Seals, a picturesque lighthouse and an isolated peninsula: sounds like my thing!
Before jumping over to the South Island, I took a few days to explore this part of the country, just east of the capital. I didn’t really have plans, except taking pictures, but I had one thing for sure: time.
The weather was not very welcoming when I arrived. Light rain quickly turned into not-so-light rain, but after climbing to the lighthouse for the view, I geared up for humid weather and went to the beach to meet the fur seals (Australasian fur seal, Arctocephalus forsteri).
This is the last story article dedicated to my trip to Lapland and Varanger, back in June. We will have a wrap-up post later on, and then we will be done with it. I have some more photographs from Finland and France I want to show you (many I haven’t edited yet…), and of course there will be more content from New Zealand, as I travel further.
Several animals look different depending on whether you’re looking at a male or a female. Think of the lion: males have a mane, which females lack. Think of the Paradise shelduck (Tadorna variegata): females are orange and white, while males are essentially dark grey.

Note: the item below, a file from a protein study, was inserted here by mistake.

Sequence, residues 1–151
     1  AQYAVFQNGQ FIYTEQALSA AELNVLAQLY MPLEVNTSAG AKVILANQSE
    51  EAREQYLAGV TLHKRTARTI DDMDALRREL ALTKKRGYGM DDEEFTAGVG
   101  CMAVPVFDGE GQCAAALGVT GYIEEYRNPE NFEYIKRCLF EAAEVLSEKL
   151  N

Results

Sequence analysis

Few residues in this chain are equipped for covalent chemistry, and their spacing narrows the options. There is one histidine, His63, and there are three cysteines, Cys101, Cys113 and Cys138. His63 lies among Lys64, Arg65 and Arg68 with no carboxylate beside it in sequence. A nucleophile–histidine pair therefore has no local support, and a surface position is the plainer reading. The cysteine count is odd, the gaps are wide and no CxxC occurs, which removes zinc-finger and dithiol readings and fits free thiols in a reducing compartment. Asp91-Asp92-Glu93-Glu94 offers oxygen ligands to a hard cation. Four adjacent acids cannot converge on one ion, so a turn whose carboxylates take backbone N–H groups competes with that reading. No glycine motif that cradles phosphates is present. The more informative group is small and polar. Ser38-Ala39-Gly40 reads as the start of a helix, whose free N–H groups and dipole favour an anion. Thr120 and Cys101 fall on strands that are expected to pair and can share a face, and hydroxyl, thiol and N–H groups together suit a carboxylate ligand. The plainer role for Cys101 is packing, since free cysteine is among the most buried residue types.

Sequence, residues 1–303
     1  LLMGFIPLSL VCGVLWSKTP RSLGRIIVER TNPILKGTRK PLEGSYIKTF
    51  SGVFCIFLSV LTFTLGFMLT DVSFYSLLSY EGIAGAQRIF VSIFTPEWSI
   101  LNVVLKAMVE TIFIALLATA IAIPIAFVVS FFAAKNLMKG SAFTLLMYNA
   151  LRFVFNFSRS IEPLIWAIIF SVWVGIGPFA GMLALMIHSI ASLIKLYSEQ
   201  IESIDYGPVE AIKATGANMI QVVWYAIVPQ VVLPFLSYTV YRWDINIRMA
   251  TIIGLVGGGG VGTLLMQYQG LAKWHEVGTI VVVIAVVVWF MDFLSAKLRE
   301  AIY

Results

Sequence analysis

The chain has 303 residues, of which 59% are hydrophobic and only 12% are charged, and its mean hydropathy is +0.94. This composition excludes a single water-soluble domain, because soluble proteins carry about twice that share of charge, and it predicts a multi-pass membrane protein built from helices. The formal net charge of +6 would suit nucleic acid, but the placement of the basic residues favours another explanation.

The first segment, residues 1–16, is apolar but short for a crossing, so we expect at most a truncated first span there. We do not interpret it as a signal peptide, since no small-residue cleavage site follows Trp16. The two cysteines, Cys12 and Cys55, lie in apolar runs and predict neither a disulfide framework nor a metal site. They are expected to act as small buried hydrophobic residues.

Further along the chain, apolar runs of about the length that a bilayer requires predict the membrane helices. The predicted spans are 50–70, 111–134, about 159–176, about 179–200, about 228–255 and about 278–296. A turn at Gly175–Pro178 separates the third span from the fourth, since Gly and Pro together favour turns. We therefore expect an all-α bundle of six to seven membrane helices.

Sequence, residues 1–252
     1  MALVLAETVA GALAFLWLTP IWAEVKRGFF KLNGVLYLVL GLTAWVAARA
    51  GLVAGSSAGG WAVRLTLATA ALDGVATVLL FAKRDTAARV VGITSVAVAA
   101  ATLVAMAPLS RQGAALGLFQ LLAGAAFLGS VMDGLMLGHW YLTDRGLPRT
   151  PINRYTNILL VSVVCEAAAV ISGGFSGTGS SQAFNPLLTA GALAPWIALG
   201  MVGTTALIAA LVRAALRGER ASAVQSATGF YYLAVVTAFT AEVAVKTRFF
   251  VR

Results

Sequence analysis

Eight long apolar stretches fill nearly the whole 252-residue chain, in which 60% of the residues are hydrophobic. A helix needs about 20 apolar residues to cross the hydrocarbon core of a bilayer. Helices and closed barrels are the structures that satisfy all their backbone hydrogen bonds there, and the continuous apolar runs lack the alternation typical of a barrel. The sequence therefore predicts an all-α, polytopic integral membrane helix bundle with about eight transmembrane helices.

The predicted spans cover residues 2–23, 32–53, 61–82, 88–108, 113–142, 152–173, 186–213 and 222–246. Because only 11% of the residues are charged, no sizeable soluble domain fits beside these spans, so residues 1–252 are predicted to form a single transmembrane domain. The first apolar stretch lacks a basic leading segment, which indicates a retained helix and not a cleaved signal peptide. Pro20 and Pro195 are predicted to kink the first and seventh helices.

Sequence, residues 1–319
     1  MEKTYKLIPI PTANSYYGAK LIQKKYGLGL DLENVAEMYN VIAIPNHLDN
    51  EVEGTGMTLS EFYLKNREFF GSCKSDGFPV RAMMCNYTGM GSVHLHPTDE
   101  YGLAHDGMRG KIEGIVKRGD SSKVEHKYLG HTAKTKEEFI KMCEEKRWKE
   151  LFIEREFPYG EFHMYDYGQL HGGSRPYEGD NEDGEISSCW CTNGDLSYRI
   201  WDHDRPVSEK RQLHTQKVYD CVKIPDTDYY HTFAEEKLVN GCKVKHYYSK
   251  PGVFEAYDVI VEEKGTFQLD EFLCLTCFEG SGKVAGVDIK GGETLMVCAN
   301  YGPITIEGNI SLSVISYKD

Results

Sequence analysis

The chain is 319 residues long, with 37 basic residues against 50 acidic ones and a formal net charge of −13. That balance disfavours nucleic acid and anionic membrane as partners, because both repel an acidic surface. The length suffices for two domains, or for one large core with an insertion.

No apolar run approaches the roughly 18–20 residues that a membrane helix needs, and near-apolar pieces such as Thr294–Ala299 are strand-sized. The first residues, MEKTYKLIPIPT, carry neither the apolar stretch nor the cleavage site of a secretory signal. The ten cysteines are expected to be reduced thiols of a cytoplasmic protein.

New Zealand was separated from Australia some 80 million years ago. Over this period, life evolved into forms seen nowhere else, adapted to their habitat and their potential predators (or absence thereof). Before the arrival of men, 800 years ago, there was no terrestrial mammal in New Zealand, and many birds had lost the ability to fly. When the Maori introduced Polynesian rats (Ratus exulans), and later the European introduced countless exotic species, birds didn’t know how to defend themselves against these new predators. Pests ate birds, while men destroyed their habitat (and ate them too), and in no time, species declined dramatically. Some, like moas or the Huia, went extinct; below is a picture of all the animal and vegetal species that have disappeared since then.
Finally, on an adventure again! I spent the last three weeks in Wellington, but today I hit the road. And with style, for I was driving this time! I bought a small van, a Toyota Estima, which will allow me more freedom than when I was hitch-hiking. I can cook and sleep in it, and so I can be wherever I want for sunrise or sunset.
From Wellington, I drove north along the Hutt River, over the Wairarapa Range, and walked in wetlands by Lake Wairarapa. It started to rain as I cooked, first a light drizzle that increased in intensity as I made my way on the scenic road to Cape Palliser, the southernmost point of the North Island.
After Auckland, I spent some time in Wellington, the capital of New Zealand. In terms of population, it’s the second largest, but it’s only one fourth of Auckland.
My first impression was really pleasant, as I arrived on a sunny day, by train. I have the feeling that entering a city by train gives me a very idyllic view of the area, as I had the same impression of Auckland even though I didn’t end up liking it much. Maybe it’s only the novelty.